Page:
These days, we have the promise of God that he is with us always, that he hears our prayers and is exalted in our worship anywhere we offer them to him.

Still, though, the Bible says that there is a special presence of the Lord within his church when she gathers. First Timothy 3:15 says, “…God’s household, which is the church of the living God, the pillar and foundation of the truth.” Note that the church is not the building where we meet, it is the people who have joined together to be the local expression of the body of Christ. The Lord’s presence is with us as we gather to worship, whether in Ypsilanti, Michigan or…, I don’t know… say, Dayton Ohio or Kingston, Ontario, Canada. Given this truth, don’t you want to be there when we gather for worship today?

I thank the Lord for the time we’ll have as we come and worship. Be there and join with us to experience the joy of God’s people and be blessed by him. God’s favor falls on us like the light of the son when we worship him and live obediently to his word (vv. 11-12), so come and receive it with the rest of your family in Christ.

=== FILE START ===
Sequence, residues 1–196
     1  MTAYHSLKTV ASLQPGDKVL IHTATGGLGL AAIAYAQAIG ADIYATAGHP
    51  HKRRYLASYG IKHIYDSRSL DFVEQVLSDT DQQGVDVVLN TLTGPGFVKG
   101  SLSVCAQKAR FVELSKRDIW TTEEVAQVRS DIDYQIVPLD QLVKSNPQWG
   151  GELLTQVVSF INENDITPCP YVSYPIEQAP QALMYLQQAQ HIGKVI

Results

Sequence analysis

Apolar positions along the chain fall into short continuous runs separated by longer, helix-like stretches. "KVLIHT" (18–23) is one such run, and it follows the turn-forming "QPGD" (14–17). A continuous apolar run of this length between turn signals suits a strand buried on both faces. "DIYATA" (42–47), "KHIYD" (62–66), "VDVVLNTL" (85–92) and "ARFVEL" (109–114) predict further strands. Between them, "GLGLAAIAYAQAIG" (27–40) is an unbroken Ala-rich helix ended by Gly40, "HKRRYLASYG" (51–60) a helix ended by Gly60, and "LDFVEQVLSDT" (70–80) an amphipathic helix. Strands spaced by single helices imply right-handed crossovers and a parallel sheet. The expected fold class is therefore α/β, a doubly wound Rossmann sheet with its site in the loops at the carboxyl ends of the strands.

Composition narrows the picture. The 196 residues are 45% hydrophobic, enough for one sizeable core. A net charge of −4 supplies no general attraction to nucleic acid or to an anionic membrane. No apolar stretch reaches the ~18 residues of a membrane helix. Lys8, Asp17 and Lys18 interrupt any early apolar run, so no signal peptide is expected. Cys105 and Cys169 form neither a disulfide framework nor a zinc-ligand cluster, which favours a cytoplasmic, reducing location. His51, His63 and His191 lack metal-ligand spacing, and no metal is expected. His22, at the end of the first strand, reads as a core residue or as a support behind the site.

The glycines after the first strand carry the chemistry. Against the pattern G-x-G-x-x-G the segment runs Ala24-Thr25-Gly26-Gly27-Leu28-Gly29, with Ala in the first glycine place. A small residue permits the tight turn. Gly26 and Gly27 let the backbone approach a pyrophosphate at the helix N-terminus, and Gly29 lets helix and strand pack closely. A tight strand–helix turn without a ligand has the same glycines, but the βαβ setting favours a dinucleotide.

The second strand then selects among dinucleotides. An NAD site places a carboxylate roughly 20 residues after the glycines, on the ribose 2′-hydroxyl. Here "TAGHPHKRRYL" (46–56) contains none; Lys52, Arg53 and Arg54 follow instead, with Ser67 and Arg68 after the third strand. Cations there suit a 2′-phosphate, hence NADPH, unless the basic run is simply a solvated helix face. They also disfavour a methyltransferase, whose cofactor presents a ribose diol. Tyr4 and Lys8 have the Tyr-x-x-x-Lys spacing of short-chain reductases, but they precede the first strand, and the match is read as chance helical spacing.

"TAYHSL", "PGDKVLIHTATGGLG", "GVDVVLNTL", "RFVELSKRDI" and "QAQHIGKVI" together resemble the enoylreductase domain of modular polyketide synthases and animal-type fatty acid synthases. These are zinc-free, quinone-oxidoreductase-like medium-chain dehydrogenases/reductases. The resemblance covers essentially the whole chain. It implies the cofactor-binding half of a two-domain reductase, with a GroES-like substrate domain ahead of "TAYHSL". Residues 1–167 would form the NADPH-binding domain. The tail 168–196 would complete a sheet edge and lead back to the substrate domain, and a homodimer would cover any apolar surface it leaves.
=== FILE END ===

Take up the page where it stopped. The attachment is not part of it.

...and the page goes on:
Deuteronomy 28, Jeremiah 20, Psalms 75-77

Read Deuteronomy 28, Jeremiah 20, Psalms 75-77 today. This devotional is about Psalms 75.

Psalm 75-76 sing praises to God for his sovereign justice.

As his chosen people, Israel praised God for his favor to them (75:1). In verses 2-10 the Psalmist explains that God’s justice happens in his time (v. 2) and that those he judges are powerless to avoid the judgment he brings (vv. 3-8). In the middle of Psalm 75, the Psalmist sings, “No one from the east or the west or from the desert can exalt themselves. It is God who judges: He brings one down, he exalts another” (vv. 6-7). We think that military might or political success are matters of human strength and ingenuity; this Psalm mocks our foolish assumptions and tells us that God sovereignly and precisely rules over the affairs of humanity:

  • No one can become powerful unless God allows them to become powerful (vv. 6-7).
  • No one can hold on to power if God determines to take it away (vv. 3-5).

While obedience to God should cause us to do all we can to bring righteousness and justice in our world, God has his own plans and those plans sometimes involve exalting the wicked so that his will can be done. But justice will be executed in God’s time.

Given all this, does it make sense to worry so much about who who occupies the oval office, controls the House of Representative, or has a majority on the Supreme Court?